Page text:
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“Carrying a girl
Across the river;
The hazy moon.”
Robert glances up from the book of Haiku verse. “That’s like us.”
“Is it?” I ask with a smile.
Blue shifts on the couch next to me, pressing more weight against my side. Nila and Frank lay together, their limbs intertwined, on the marble floor.
Robert is half in shadow, his green glass shaded reading lamp throwing a pale yellow circle across his lap and chest. A small, leather-bound book lays open in one of his long-fingered, elegant hands.
The last wisps of the sunset, just the palest, most powdery blues and darkest hues of purple, light up the sky and filter through the wall of glass, casting shadows around the living room.
Robert’s phone, lying on the table next to him, vibrates, sending a low hum through the quiet, peaceful room. He glances at the screen and then answers it.
“Yes, Brock.” Brock is his head of home security and handles the safety and impenetrability of this mansion on Star Island—a refuge for the extremely wealthy in Biscayne Bay, just east of downtown Miami. “I see.”
Robert’s gaze meets mine, his blue-green eyes narrowing. The fine lines around them deepen. In his fifties, with dark hair silvering at the temples, Robert is an imposing presence. It's not just that he's over six feet tall and well-muscled. Or that he moves with the elegance and speed of a killer, either. There is an aura of power that surrounds Robert Maxim—wafts from him—and demands to be acknowledged.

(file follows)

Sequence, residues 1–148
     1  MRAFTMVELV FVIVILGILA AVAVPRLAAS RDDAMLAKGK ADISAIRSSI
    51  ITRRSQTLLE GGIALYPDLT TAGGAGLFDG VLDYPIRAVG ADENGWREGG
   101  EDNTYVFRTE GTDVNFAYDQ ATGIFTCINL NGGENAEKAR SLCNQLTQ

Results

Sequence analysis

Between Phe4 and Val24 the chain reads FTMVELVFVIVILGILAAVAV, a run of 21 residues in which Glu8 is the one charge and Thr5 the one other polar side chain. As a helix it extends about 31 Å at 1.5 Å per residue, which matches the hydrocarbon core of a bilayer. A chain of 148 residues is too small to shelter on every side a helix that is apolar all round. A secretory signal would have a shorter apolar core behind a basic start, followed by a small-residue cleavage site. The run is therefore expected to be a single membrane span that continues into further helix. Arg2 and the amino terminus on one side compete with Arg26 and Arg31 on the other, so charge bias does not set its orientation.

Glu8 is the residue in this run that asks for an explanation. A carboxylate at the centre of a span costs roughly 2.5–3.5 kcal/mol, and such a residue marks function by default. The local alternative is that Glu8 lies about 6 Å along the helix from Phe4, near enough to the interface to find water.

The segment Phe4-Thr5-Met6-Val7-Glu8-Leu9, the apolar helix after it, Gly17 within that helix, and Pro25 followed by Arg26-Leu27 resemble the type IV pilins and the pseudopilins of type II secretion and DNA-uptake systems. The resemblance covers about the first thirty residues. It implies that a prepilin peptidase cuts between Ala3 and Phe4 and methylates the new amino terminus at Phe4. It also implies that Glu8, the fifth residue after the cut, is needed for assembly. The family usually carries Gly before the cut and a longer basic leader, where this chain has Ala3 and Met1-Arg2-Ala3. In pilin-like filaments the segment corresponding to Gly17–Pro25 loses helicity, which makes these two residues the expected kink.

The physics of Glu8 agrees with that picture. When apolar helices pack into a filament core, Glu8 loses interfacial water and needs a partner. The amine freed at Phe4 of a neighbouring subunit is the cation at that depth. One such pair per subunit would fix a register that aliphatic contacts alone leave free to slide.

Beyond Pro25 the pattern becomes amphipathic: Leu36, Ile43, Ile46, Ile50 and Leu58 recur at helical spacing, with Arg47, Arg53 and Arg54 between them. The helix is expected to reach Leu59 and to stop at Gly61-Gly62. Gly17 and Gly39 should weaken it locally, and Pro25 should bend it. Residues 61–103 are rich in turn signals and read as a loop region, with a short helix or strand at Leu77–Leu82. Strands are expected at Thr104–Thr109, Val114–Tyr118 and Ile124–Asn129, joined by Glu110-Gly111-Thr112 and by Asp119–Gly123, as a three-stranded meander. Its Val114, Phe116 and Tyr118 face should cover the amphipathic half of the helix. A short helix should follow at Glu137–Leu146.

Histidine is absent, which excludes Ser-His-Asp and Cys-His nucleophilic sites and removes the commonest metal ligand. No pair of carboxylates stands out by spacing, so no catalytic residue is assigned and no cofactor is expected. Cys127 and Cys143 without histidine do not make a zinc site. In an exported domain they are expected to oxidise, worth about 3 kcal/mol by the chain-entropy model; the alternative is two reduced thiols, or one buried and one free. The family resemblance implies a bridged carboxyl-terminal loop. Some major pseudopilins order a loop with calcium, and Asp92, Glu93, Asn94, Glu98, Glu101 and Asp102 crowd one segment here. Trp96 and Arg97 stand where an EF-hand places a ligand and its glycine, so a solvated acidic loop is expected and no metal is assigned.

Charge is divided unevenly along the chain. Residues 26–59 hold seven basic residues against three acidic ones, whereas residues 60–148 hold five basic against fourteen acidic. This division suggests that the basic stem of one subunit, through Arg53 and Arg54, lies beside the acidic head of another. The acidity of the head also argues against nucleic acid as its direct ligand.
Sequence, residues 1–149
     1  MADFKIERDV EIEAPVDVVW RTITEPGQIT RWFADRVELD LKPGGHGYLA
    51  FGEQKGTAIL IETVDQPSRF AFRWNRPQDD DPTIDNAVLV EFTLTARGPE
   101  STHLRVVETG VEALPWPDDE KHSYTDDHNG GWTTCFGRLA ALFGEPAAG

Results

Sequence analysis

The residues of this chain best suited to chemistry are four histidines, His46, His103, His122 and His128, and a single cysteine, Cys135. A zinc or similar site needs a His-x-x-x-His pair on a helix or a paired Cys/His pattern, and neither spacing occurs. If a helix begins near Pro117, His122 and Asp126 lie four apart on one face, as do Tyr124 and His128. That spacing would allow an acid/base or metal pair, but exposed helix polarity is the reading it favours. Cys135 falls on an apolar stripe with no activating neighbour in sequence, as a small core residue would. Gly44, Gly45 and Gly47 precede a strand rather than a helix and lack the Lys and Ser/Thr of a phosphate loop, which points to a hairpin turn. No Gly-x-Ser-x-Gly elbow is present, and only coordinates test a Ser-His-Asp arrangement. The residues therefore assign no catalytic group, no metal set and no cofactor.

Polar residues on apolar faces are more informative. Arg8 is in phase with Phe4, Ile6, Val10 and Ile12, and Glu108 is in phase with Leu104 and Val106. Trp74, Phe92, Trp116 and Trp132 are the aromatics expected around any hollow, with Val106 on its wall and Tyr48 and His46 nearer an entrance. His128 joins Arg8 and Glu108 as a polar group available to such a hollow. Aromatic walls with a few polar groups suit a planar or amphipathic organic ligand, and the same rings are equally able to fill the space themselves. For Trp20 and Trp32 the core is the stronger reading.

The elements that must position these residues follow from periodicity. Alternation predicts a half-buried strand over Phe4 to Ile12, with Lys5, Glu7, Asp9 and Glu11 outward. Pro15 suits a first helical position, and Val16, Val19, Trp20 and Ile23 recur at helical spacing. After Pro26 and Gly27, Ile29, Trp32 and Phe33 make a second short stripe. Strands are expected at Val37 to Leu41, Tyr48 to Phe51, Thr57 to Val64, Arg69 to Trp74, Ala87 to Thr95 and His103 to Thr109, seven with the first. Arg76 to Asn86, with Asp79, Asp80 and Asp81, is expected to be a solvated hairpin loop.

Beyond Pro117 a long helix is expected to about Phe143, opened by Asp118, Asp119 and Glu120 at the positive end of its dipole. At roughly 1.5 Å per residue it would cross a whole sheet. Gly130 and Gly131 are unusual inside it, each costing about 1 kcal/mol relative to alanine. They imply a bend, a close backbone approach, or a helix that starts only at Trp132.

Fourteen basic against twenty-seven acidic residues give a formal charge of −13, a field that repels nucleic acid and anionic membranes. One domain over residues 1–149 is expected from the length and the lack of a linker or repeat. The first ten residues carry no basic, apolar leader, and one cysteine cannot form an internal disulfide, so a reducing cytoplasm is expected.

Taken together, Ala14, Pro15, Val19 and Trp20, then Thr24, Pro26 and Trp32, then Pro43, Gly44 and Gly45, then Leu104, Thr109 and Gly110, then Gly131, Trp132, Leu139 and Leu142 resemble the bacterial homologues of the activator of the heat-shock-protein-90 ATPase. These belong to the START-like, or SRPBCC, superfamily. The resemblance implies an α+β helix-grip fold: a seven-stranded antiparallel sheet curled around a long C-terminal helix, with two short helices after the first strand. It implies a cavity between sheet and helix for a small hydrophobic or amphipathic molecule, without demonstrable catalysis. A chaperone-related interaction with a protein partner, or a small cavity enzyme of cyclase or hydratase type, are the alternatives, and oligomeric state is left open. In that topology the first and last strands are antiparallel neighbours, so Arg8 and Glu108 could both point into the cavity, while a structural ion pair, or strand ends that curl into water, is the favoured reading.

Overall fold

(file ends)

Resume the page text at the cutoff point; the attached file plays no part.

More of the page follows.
He closes the book of poems and leaves it on the side table. Blue, Nila, and Frank lift their heads, collars jangling. The puppies look to their father for direction. Eight months old, with gigantic paws, soft features, and keen instincts, they are almost as tall as Blue.
A mutt I adopted back when I lived in New York—a lifetime ago—Blue is the height of a Great Dane with the long, elegant snout of a collie, the thick coat of a wolf, and the markings of a Siberian husky, with one blue eye and one brown. Blue is trained to protect and his offspring are learning…Nila better than Frank.
Frank is a dumb dog—which I love about him. The guy is almost too sweet for the job. Whenever Merl, a dog expert, tries to get him to attack, Frank turns it into a game. Nila, on the other hand, is ruthless, smart, and quick.
Robert hangs up the phone, and Blue leaps off the couch. The puppies scramble to their feet, facing the door.
Robert stands, slipping the phone into his pocket, and crosses to me. He reaches out a hand—the shirt-sleeve rolled up, exposing a strong forearm dusted in dark hair. “Time to go,” he says. I twine my fingers with his, and Robert pulls me from the couch, holding me tight as we begin to move.
A heavy fist pounds on the front door, echoing through the large house. My soft-soled sneakers are almost silent on the marble as we begin to jog. The dogs’ nails click along with us.
“Homeland Security. Open up!” A man yells, his voice muffled by the large house. Robert presses a button, and a bookshelf slides away, revealing a doorway.
The loud crash of a battering ram striking the front door echoes as Maxim punches a code into the keypad next to the elevator. My heartbeat remains even.
I am not afraid.
P.S. The dog does not die.
**Beware: If you can’t handle a few f-bombs, you can’t handle this series.**